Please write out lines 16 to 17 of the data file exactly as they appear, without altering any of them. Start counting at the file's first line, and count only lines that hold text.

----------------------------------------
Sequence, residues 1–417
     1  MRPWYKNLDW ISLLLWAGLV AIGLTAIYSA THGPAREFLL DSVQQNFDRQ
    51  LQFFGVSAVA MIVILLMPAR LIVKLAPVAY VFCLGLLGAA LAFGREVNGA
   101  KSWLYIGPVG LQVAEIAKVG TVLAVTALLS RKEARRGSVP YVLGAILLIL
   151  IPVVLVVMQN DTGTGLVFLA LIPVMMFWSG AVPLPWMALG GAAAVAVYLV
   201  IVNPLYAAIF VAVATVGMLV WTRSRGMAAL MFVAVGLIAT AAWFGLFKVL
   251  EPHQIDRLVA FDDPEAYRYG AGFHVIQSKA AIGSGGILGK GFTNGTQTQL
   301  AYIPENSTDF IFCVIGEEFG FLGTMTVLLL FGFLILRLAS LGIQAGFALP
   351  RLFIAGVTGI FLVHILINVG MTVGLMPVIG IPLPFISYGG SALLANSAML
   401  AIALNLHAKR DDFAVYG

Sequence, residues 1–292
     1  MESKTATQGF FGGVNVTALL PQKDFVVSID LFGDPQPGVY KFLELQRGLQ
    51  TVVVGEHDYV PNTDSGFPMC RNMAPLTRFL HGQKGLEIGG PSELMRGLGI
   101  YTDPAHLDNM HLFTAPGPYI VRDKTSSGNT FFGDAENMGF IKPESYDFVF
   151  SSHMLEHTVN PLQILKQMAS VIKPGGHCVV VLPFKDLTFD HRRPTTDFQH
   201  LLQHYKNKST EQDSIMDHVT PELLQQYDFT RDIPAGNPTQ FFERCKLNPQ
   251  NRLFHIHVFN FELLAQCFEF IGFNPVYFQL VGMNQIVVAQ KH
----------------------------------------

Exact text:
   201  LLQHYKNKST EQDSIMDHVT PELLQQYDFT RDIPAGNPTQ FFERCKLNPQ
   251  NRLFHIHVFN FELLAQCFEF IGFNPVYFQL VGMNQIVVAQ KH